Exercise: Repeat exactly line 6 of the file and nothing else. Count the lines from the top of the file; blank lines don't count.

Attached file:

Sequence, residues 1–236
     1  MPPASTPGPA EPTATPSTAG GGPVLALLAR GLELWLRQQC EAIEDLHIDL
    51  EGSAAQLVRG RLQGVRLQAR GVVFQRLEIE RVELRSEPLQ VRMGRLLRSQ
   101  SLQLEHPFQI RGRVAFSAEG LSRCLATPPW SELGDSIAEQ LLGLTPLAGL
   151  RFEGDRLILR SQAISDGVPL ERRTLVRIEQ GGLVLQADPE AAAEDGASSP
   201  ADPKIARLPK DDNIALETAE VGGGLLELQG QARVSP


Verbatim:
   201  ADPKIARLPK DDNIALETAE VGGGLLELQG QARVSP